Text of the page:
Report Makes Disturbing Find on Grizzly Attack

Leah Lokan died instantly of broken neck, severed spine in rare predatory attack
By Arden Dier,  Newser Staff
Posted Jul 19, 2022 9:34 AM CDT
Grizzly Treated Doomed Cyclist as Prey: Report
A bear trap set by Montana Fish, Wildlife, and Parks on July 7, 2021, in the camping area in Ovando, Mont., where Leah Davis Lokan of Chico, Calif., was pulled out of her tent and killed by a grizzly bear on July 6, 2021.   (Tom Bauer/The Missoulian via AP, File)

A woman fatally mauled in Montana last summer was the victim of a rare predatory attack by a grizzly bear that had learned to seek out human food, according to a new report. Leah Davis Lokan of Chico, Calif., was participating in a long-distance bike trip when she stopped to camp in the small town of Ovando on the banks of the Blackfoot River. A grizzly approached in the early hours of July 6, 2021, but Lokan and a Texas couple who were camping nearby managed to scare it away, per PA Media. Lokan told the couple the bear "huffed at my head." But the 65-year-old declined an offer to sleep at a nearby hotel and, after removing food from her tent, retrieved a can of bear spray and went back to sleep.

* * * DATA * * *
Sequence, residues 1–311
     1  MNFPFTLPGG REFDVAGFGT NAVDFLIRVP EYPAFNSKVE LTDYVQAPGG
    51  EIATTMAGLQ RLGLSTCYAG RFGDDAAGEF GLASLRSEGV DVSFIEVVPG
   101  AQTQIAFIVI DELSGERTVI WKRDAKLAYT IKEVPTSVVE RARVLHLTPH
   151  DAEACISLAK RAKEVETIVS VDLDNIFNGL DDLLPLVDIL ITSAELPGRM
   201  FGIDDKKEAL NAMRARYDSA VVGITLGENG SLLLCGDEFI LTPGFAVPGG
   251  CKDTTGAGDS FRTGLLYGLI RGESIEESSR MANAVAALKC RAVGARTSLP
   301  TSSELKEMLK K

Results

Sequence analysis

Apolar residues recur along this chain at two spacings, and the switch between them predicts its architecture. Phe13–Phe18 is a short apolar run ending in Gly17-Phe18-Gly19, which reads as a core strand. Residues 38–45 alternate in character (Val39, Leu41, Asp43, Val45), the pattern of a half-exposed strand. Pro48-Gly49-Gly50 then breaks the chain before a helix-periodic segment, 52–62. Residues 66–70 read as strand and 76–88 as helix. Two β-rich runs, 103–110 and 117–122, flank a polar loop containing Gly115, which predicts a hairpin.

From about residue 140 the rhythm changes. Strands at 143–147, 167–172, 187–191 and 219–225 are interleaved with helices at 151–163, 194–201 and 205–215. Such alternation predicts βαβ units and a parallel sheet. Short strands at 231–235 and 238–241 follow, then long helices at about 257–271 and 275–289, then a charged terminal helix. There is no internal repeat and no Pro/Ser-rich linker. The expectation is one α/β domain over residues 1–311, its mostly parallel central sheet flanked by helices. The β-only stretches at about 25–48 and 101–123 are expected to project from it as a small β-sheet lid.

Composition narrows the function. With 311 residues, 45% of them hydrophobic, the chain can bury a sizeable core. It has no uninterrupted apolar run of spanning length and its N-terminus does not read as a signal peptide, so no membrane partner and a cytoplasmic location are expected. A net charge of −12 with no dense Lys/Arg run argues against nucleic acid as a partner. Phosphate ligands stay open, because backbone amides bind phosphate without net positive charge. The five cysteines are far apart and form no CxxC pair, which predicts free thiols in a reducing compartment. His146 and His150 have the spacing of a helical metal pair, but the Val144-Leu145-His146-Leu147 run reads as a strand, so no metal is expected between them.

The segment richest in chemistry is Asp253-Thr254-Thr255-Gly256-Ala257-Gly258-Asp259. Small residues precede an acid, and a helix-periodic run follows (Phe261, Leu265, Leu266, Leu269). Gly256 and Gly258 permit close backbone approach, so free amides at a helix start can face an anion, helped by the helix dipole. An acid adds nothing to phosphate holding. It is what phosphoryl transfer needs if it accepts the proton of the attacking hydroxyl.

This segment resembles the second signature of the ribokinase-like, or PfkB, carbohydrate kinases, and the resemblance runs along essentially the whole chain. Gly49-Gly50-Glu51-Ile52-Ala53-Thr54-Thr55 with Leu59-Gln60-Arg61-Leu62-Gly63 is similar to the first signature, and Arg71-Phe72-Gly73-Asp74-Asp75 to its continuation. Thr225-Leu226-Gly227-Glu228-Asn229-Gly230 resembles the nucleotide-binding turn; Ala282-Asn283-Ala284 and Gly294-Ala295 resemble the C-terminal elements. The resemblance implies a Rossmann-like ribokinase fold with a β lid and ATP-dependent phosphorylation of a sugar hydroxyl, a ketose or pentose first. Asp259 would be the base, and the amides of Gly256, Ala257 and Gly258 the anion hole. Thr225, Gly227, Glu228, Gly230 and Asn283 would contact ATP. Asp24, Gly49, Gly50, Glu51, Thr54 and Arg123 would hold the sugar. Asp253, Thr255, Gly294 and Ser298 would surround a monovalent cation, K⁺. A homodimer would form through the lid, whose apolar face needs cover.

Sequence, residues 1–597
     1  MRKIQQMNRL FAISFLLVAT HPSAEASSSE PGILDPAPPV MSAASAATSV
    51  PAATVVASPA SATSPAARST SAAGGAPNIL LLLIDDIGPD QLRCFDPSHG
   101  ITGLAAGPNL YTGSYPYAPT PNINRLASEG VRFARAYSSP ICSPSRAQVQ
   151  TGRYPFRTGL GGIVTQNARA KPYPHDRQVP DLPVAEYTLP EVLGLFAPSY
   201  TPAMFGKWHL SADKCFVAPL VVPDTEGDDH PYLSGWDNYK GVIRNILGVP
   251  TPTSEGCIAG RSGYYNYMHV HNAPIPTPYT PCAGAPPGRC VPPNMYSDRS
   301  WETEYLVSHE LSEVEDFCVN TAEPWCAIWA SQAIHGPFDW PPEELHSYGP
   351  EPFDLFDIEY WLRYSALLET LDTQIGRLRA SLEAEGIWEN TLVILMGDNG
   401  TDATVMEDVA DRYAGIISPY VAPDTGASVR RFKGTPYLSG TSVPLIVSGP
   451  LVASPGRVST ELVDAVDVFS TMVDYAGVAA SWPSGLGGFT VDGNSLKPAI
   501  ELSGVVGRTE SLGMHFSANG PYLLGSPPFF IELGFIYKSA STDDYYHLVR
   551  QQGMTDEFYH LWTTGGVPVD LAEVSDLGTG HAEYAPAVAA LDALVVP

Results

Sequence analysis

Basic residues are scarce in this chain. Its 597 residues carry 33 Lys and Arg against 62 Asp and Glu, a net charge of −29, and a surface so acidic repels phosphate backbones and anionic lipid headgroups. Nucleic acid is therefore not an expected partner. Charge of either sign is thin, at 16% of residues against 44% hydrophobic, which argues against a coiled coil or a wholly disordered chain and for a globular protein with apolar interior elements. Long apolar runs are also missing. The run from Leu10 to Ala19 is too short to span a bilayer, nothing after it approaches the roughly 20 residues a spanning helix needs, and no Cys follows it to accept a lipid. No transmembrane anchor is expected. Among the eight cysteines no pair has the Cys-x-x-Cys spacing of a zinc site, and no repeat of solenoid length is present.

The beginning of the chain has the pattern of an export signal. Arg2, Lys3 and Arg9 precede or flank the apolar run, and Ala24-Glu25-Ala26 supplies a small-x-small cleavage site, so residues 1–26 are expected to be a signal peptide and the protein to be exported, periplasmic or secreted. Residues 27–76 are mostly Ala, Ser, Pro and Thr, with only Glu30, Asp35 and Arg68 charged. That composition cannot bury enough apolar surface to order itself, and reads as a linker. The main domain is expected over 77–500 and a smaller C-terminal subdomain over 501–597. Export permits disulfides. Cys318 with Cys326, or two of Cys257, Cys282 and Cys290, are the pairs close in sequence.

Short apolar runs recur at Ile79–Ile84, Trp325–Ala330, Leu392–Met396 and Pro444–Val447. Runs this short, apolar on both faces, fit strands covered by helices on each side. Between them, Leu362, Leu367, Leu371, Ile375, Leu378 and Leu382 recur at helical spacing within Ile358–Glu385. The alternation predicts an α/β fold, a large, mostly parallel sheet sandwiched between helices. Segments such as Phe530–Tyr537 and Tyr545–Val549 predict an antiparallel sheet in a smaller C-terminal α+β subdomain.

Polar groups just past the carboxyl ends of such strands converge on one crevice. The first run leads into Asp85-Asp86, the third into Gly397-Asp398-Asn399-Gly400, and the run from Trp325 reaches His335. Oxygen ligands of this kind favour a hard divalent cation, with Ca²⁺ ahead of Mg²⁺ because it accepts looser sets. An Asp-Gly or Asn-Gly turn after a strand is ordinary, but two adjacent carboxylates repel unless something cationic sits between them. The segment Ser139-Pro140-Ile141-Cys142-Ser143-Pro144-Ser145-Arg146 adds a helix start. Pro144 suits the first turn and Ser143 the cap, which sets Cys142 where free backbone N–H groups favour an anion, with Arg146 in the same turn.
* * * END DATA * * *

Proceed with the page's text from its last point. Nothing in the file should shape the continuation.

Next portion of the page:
Shortly after, the 417-pound male grizzly returned and attacked Lokan, who died instantly of a broken neck and severed spine, per the Washington Post. "Not all bears exhibiting food-conditioned behavior exhibit predatory behavior. But for some unknown reason a predatory response was triggered in this bear," reads the June 28 report by the Interagency Grizzly Bear Committee's Board of Review, per the AP. It notes the bear, 4 to 7 years old, might have been enticed by lingering scents from July Fourth picnics. However, Lokan's two bags of toiletries had previously held dried blueberries. There was also beef jerky, trail mix, granola bars, and a baked potato in the saddlebags of her bike, just 10 feet from her tent.

"Perhaps due to a simple movement made by the sleeping victim, or a certain sound made by the victim, the bear reacted," according to the report. The grizzly, which afterward attacked a chicken coop, was killed three days later. Investigators say campers shouldn't return to a tent that has been visited by a grizzly and should instead seek shelter in a building or vehicle. Lokan's family has also suggested that manufacturers add a whistle to a bear spray trigger to serve as an additional deterrent, but also to alert others to a potential attack. A nearly empty can of bear spray was found beneath Lokan's tent. By the time Joe and Kim Cole of Texas heard sounds of an attack, it was too late for the cyclist. (More bear attack stories.)

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